2016-12-06 08:44 am
Entry tags:

Online presence

Last week, as part of the 23 things for research program, we had to search our own name. This brings up an interesting thing for discussion - I got married last year and changed my last name, but I still publish papers and carry out academic activity in my maiden name. My maiden name is very distinctive. As such it's pretty easy for me to win the Google game:


First 4 hits are my Glasgow Caledonian University profile (they really should delete that, haha), LinkedIn, Twitter, Google Scholar and, a few hits down, RG. And of course, the usual smattering of youtube videos of people playing 'So Long Marianne' (RIP Leonard :() or Marianne's theme from Sense and Sensibility. My Uni of Surrey webpage is basically non-existent because the Marketing team are migrating all the Uni webpages to Drupal and therefore my Rhythmyx profile never synced any of the content I'd typed in. It's going to be like that till well into next year, so there is no point in me relying on the Uni of Surrey webpages for people to find me. I joined Surrey using my married name, but really the only impact of that is people might not find my Surrey webpage on Google. Hardly matters if I'm keeping all my other profiles updated.

If you knew the handle I used online then you'd be able to find out a lot more about me, like all the video games I play, or my sheet music website, but that's the whole point of having these things separate. The idea that my hobbies and my real name should be separate on the internet was something I picked up at a very early age, and mostly stems from the fact that I grew up in the era of message boards/forums and IRC chatrooms. As such, my internet presence based on my real name is pretty sanitised - as it should be. Not everybody discriminates in that way, though - I mean, Mhairi Black :P I've become pretty inured against most of the rubbish posted by people on the internet - scroll on by, or block it from my feed, are my standard responses. The internet is mostly something to laugh at - if you got too involved, you'd just get burned somehow. There are far too many angry people on the internet, and life is too short to waste it reading their rubbish.

Tell you what I'm proud of though - if you google distortions amblyopia, my paper is top of the list, above Ruxandra Sireteanu :D
2016-12-06 09:30 am

Live-tweeting a conference

As I said in a previous post, I use Twitter for quite a lot for stuff. There aren't that many Twitter-savvy people here in the faculty of health and medical sciences, so I volunteered to live-tweet the Innovations in Dementia Care conference on the faculty's twitter account.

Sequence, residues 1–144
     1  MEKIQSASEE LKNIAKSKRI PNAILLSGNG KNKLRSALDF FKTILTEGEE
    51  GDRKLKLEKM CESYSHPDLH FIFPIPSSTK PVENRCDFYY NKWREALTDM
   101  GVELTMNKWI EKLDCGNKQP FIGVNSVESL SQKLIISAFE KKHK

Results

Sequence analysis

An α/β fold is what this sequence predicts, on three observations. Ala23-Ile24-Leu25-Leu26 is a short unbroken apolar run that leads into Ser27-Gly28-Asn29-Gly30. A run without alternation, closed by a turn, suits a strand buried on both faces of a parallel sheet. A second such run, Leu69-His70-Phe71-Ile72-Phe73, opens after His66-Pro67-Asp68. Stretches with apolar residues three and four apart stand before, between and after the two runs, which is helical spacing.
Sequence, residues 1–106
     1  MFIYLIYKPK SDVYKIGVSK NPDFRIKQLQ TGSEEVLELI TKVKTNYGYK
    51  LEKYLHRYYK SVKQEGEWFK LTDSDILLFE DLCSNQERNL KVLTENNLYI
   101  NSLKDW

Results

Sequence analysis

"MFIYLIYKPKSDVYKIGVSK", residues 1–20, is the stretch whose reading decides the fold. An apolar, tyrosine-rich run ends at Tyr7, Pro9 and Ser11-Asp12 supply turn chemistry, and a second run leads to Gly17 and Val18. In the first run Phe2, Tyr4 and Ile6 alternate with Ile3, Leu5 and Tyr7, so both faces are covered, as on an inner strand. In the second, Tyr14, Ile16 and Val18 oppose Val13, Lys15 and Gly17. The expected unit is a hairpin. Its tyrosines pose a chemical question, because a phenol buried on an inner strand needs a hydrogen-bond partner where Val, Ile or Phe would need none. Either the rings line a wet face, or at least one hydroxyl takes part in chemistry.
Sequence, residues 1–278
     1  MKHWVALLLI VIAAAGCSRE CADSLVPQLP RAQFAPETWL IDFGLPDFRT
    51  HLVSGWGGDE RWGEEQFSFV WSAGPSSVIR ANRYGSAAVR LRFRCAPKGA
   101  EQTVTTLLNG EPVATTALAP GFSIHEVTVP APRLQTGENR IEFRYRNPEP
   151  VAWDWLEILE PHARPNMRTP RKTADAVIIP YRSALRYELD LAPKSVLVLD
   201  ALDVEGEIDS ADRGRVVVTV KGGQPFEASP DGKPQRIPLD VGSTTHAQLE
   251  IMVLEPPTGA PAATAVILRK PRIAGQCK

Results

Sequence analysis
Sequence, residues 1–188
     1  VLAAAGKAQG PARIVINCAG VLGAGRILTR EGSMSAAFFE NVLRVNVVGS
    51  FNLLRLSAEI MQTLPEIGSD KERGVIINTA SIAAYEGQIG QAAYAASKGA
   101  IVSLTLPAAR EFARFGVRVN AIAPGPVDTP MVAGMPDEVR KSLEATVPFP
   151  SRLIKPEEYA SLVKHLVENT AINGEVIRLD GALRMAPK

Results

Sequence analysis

Most conferences these days come with a conference hashtag. It lets you tweet your thoughts about the conference and the content you've experienced, and you can start some interesting dialogues with other attendees. When people are sitting in a talk, they'll have ears for the speaker and their eyes checking the conference hashtag, so it's not like you're shouting into the void - people will read what you've posted, even if they're not following you, if you've used the correct hashtag and your account is public. It's also handy for finding places to eat too! Or places to avoid - I remember one conference in Florida somebody warned everyone to stay away from a particular food joint using the conference hashtag after they came down with food poisoning. Conference hashtags are useful 8D Plus tweeting stops me falling asleep in talks, haha. I've never been much of a one for dark-room lectures - once the lights go down and my brain switches into listening mode it's nighty-night for me. I blame years of being put to sleep with audiobook cassettes playing in the background, thanks, Mum XD

You can read my tweets from the Innovations in Dementia Care conference here:

I used my dSLR camera with its smartphone syncing to post high quality images of the speakers, but you can just as easily use your phone camera (although the lighting in that room was atrocious so I was quite glad of the extra capability of my dSLR). Notice I attribute the speaker and use twitter handles wherever possible. #dementiafriends is an Alzheimer's Society campaign so I made sure to mention that hashtag too. It's quite easy once you get into it, you just need to be very concise about what is being said, which means you really need to listen as well as tweet! You can tweet multiple times during a single talk but it's best to just pick out one or two points that you think would be of particular interest to your followers, as I've done, in order to still have room for the conference hashtag. It's vital that the conference hashtag is included if you want your tweet to be seen by other conference attendees.

If you'd like a bit more info about livetweeting at conferences check out this article:


Don't forget to retweet and like other people's posts when you're browsing the conference hashtag - it gets a great buzz going!